From The Grindhouse Cinema Database
What we have here is a textbook example of exploitation cinema. These movies usually are products on an outrageous idea or some sort of subversive perspective, but more often its the promotion style of these films that serve as the key ingredient of understanding how crazy the genre really is. Sometimes, and more interestingly enough, the promotion of a film might very well be complete fabrication. A prime example is this film - the Italian ISLAND OF THE FISHMEN directed by Sergio Martino which famed indie pro Roger Corman sold stateside as SOMETHING WAITS IN THE DARK and again as SCREAMERS. With the first attempt, Corman and company added a new opening scene (featuring Mel Ferrer), shot a few FX inserts, and changed the score in favor of a more contemporary slasher vibe. It didn't perform well enough so Corman was left to repackage it again. Perhaps contemporary audiences didn't warm up to the idea of a nineteenth century thriller featuring fish people. I myself expected the film to flash forward to modern times after the initial opener, but no. We're in the 1800s and we're here for the duration. Nevertheless, Corman and company (already frustrated with their efforts of repackaging) decided to create a whole new angle to sell the film - straight up lying.
SCREAMERS features an awesome modern horror poster which warns the audience: you will actually see a man turned inside-out! They even shot an FX sequence for the trailer of said gag, but failed to include it in their new cut of the film. So, what we have is an awesome horror ad for a completely different movie about fish people on an island. If this marketing angle worked I cannot say, but I do know that it is grossly misleading and audiences most likely were disappointed given the expectation. Which is a shame because Sergio Martino's film is actually good and even fun.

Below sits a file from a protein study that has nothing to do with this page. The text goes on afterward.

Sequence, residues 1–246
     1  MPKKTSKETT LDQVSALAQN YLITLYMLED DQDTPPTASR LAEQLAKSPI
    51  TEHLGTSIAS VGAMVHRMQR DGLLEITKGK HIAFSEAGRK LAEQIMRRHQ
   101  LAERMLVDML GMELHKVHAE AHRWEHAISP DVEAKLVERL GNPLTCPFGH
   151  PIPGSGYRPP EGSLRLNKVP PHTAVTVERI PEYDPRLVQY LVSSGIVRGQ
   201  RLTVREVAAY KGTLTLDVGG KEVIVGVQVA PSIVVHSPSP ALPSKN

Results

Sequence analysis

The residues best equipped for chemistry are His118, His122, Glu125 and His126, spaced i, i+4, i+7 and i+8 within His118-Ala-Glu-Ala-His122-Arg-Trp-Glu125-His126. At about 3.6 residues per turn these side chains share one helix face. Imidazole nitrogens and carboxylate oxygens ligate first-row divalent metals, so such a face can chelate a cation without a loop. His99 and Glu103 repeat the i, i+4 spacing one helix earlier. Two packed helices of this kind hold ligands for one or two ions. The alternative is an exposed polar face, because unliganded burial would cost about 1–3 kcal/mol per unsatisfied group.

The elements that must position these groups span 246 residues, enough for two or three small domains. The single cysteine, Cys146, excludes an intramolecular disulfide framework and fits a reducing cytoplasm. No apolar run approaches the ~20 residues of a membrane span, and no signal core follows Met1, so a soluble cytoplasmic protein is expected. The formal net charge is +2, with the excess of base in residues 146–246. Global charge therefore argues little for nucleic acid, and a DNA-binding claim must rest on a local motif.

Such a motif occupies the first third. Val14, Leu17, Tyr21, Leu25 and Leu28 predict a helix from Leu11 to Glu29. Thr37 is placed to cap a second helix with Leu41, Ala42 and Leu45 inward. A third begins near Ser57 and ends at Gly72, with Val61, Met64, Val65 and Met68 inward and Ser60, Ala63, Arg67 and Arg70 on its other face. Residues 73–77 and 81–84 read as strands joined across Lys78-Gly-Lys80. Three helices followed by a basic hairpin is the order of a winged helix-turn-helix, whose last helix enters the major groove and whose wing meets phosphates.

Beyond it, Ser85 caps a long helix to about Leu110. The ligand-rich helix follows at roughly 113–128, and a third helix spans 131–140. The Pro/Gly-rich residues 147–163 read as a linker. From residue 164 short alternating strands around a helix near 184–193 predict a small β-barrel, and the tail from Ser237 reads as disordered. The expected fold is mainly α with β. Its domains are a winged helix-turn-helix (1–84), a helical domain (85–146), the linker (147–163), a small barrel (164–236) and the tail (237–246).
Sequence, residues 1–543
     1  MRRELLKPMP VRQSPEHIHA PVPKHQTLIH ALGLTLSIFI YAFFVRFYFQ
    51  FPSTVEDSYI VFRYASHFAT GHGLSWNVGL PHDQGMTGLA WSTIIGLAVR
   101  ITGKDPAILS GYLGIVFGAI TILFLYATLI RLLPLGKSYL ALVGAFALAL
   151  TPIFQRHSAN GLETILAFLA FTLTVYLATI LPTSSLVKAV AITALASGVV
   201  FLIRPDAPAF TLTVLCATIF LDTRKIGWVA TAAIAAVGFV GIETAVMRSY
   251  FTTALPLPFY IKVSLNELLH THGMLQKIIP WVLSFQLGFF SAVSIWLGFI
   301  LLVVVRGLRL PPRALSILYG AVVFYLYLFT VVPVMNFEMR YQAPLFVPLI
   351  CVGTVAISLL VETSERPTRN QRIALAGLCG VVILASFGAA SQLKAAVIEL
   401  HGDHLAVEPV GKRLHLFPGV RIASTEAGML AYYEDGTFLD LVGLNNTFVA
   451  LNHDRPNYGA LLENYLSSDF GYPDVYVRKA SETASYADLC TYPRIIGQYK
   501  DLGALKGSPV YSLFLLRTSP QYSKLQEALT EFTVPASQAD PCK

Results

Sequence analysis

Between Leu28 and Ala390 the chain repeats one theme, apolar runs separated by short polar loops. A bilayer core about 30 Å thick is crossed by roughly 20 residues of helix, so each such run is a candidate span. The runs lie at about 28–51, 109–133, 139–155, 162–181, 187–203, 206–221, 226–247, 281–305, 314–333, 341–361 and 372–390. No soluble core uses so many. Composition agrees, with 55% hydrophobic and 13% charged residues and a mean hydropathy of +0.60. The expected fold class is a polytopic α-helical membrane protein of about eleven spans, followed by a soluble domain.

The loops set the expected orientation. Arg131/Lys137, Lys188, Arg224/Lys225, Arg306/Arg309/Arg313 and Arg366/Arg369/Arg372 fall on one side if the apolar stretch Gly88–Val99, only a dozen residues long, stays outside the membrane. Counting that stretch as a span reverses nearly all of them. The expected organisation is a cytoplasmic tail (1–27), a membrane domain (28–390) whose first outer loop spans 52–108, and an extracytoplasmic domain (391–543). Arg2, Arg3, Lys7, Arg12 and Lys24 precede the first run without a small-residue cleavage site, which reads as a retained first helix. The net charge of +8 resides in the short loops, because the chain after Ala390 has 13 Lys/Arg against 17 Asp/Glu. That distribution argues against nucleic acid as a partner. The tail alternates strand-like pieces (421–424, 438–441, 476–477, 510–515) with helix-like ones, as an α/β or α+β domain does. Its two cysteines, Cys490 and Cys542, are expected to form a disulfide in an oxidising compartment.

Claudio Cassinelli (a regular for the director until he was killed during the filming HANDS OF STEEL) stars as a shipwrecked Lieutenant with a handful of dangerous criminals washed ashore a mysterious island. The time period soon begins to make sense as we are introduced to a Doctor (Joseph Cotten from Welles' CITIZEN KANE and Hitchcock's SHADOW OF A DOUBT) and his daughter (Barbara Bach - Ringo Starr's wife) living well in a mansion on the island - staffed by the indigenous people as servants. It is here, with classic eurocentrism, that the film clearly is influenced by H.G. Wells famed nineteenth century novel The Island of Doctor Moreau and I began to find the film a little boring - expecting a mere rehash of the acclaimed novel. Instead I grew surprisingly more interested as subplots began to blossom. The good doctor's work of creating amphibious man creatures isn't quite what it appears to be as voodoo, buried treasure, and even the mythical city of Atlantis come into play. The film soon becomes an exciting throwback adventure story - not so much an Italian horror picture - and all for the better. I was thrilled with the volcano/earthquake finale and happy ending freeze frame. The makeup effects are good enough and the fishmen suits are fairly poor, but the movie continues on determined to entertain us. There's also great locations including the gorgeous stalactite cave Neptune's Grotto in Sardinia, Italy which really aide the film. Overall Sergio Martino has delivered another great flick here, but it's probably best known as a disapointment given Roger Corman's tampering with the American release.
Josh Stephenson was born in Florida, schooled in Chicago, and lives in New Orleans. His mother went into labor while his father and brother were attending a theatrical double feature of EXCALIBUR and BLOOD BEACH. A youth spent in the VHS rental heyday led to a lifelong addiction to movies. He holds a BS in Television Journalism from the University of Florida and a BA in Film Editing from Columbia College Chicago. He continues to work in the Louisiana film industry despite a government-issued tax cap.